My writing career began in kindergarten when I wrote, on a single yellow sheet from my Big Chief notebook, the unacknowledged classic, Santa Claus And The 27 Bad Boys. I didn’t realize it at the time, but I’d found my material for a lifetime of fiction writing: a stubborn fascination with the mythological and supernatural creatures that haunt and enliven our culture, an affection for odd and strange characters, and a desire to be both comic and serious.
I wrote a lot of bad fiction before I wrote some good fiction. While all this was going on, I traveled a lot and lived in a lot of places. I met a girl and fell in love and we got married. I got a couple of degrees, a BA and an MFA in writing. I found work that I like, teaching writing at Austin Community College, and that affords me time to write fiction.
Alien Invasion & Other Inconveniences was written in about five weeks—the first time. The rewriting took more than a year, and then there was more rewriting with my agent, Sara Crowe, and my editor, Jen Yoon. I got a lot of help, which most writers get and need. Lots of things changed as I revised. One thing that didn’t change was my idea that the invasion wasn’t the story. The invasion is pretty much over in the first sentence. “It takes them less time to conquer the world than it takes me to brush my teeth.” I wanted this to be about what happened after the aliens conquered the Earth. Another thing that didn’t change was the theme of blind arrogance. A lot of powerful nations on this earth have been so arrogant toward conquered peoples. They didn’t treat them like human beings. The aliens in my novel act like that toward humans. It’s quite a surprise for the humans to be treated that way.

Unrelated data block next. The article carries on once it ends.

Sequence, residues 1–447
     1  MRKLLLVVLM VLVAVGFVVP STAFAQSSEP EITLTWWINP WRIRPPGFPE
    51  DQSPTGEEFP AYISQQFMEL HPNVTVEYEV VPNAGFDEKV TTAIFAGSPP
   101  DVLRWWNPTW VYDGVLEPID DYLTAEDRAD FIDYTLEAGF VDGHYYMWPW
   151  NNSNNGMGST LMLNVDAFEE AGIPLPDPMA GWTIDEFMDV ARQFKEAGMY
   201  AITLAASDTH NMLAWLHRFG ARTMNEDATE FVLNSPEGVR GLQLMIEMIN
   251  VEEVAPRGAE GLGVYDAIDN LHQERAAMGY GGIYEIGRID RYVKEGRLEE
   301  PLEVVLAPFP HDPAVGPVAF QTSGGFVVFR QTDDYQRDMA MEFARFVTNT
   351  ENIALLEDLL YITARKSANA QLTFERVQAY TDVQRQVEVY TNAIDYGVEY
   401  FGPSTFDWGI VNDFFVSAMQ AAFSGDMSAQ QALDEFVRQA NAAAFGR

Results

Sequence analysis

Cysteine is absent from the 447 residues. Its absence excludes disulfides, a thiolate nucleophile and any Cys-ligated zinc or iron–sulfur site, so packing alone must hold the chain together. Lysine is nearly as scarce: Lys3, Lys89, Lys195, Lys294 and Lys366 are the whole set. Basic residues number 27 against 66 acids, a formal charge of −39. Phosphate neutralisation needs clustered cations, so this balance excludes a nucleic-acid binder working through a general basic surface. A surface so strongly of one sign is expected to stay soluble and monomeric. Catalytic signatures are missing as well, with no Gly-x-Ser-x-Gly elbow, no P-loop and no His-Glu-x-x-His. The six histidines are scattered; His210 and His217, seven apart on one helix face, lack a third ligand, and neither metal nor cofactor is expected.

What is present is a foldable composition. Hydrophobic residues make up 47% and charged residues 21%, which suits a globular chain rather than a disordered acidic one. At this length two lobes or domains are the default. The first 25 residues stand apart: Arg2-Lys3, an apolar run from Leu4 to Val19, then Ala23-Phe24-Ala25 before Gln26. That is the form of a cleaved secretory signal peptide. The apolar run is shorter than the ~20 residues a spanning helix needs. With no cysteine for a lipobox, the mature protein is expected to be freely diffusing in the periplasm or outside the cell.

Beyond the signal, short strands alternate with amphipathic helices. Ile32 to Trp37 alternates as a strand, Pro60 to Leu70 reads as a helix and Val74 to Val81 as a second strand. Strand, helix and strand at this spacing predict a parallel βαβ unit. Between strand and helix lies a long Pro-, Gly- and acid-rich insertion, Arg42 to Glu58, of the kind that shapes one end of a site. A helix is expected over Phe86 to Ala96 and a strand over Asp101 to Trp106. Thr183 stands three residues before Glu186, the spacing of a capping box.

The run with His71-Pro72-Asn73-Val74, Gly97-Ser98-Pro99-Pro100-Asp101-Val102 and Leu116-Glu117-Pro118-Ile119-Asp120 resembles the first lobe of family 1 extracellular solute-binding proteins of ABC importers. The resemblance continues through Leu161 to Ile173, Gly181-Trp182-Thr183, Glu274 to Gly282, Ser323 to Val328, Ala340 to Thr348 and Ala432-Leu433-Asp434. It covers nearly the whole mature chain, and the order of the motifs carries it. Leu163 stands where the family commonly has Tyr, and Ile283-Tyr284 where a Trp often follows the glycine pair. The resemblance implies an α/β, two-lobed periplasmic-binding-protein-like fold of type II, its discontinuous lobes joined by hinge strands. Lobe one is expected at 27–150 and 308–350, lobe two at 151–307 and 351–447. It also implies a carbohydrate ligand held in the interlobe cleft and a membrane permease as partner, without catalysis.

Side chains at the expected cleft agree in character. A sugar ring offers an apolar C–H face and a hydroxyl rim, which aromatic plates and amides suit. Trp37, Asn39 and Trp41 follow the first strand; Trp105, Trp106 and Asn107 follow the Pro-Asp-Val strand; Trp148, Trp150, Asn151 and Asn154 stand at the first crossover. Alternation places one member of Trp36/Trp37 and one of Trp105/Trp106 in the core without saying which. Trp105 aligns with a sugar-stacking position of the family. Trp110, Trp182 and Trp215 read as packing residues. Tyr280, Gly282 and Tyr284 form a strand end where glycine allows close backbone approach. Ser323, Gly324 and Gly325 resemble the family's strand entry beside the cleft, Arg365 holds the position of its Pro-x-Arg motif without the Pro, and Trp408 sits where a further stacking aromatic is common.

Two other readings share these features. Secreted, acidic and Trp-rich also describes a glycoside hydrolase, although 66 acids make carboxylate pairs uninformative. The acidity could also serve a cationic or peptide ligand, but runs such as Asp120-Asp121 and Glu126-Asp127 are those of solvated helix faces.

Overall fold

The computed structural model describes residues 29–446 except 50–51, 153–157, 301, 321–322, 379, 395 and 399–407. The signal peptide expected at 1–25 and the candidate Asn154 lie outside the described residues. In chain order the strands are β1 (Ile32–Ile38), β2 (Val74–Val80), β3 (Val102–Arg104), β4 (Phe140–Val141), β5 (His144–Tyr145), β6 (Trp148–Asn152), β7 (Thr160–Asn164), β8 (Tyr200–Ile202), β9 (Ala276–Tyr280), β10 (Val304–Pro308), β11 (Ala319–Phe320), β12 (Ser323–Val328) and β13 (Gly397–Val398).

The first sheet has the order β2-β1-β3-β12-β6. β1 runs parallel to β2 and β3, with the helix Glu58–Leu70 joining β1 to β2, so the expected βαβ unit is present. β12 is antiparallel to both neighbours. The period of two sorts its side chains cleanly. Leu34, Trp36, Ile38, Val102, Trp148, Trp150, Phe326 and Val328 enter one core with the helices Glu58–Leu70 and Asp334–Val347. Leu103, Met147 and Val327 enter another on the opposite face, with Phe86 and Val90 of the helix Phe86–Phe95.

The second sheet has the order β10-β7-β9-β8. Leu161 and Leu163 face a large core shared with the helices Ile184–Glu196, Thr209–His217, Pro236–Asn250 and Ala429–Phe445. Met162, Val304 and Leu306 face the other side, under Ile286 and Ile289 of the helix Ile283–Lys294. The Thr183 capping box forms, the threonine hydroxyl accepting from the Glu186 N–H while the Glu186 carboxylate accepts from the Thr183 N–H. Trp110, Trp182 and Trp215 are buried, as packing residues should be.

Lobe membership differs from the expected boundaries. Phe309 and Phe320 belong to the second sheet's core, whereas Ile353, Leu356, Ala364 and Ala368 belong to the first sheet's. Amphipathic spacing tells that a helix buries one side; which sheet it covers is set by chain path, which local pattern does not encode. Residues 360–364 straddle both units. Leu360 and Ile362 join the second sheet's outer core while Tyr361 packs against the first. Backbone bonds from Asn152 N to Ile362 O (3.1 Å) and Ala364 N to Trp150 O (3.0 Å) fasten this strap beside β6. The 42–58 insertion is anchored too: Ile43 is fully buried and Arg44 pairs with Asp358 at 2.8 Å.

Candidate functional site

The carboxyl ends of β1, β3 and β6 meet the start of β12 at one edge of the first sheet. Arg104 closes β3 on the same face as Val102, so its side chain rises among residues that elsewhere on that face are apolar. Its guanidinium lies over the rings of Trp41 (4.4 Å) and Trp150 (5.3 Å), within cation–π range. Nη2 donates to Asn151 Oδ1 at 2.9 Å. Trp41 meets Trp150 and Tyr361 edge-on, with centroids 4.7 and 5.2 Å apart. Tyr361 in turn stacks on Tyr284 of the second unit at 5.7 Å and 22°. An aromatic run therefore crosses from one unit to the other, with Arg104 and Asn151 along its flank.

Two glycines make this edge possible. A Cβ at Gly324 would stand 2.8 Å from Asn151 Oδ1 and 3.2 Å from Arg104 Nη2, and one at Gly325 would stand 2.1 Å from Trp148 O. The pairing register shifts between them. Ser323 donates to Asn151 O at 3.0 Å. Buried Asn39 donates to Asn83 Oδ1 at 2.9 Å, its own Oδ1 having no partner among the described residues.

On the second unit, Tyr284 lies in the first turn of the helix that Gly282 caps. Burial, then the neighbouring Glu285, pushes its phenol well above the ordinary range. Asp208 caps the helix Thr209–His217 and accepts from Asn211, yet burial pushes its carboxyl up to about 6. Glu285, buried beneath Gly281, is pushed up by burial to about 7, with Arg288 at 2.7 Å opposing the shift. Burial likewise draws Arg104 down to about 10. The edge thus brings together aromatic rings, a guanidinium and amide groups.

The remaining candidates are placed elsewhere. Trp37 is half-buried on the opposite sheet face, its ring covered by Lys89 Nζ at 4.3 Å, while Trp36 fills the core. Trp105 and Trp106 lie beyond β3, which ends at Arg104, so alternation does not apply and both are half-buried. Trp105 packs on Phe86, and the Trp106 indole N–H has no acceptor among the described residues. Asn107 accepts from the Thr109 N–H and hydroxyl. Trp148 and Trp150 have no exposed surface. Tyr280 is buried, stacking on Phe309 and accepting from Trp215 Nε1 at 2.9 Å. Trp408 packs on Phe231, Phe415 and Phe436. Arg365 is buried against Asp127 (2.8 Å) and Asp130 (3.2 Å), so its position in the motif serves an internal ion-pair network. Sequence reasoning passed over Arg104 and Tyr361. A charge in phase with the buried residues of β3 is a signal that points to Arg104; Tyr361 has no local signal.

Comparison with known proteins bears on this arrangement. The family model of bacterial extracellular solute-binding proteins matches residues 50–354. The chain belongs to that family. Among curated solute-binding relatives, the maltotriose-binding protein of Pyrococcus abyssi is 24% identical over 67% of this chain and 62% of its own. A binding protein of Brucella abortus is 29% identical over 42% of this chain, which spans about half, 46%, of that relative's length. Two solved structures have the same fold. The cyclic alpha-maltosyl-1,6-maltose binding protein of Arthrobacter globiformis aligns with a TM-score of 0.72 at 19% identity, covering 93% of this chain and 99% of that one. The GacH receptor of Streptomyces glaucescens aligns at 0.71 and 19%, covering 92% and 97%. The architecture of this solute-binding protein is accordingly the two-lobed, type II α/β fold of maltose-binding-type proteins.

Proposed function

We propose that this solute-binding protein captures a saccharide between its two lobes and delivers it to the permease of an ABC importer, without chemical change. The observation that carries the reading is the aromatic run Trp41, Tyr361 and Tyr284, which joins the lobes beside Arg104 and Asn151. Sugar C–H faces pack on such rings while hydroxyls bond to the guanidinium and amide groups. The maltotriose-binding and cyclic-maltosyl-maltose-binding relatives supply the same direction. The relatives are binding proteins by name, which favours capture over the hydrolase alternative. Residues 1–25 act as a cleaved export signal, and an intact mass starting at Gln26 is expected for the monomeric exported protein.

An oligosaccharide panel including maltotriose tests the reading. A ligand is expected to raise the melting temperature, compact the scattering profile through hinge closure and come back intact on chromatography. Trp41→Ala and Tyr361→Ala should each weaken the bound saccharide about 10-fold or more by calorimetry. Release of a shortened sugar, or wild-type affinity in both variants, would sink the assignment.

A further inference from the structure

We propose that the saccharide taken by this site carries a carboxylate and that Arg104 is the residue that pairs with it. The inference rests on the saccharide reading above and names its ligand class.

Three Things You Might Not Know About Me:
1. The first writer I ever saw up close was Kurt Vonnegut. He didn’t see me. I was sixteen and went over to my friend Mark’s house. My friend said, “That’s Kurt Vonnegut eating dinner with my parents.” I said, “Wow, Kurt Vonnegut. Who’s Kurt Vonnegut?” He gave me Cat’s Cradle to read. It’s an amazing novel. Right after that I read the even more amazing Slaughterhouse Five, also by Kurt Vonnegut. I started to think maybe I would like to be a writer, too. I didn’t do much about it for a long time, but I did become a reader. Thank you, Kurt.
2. I have a black belt in Tae Kwon Do.
3. When I was young I hitchhiked around most of America, parts of Mexico, and parts of Europe. I met a lot of interesting people. I saw many, many things I’d never seen before. It was an education as important to me as college, and it was a lot cheaper and more scenic.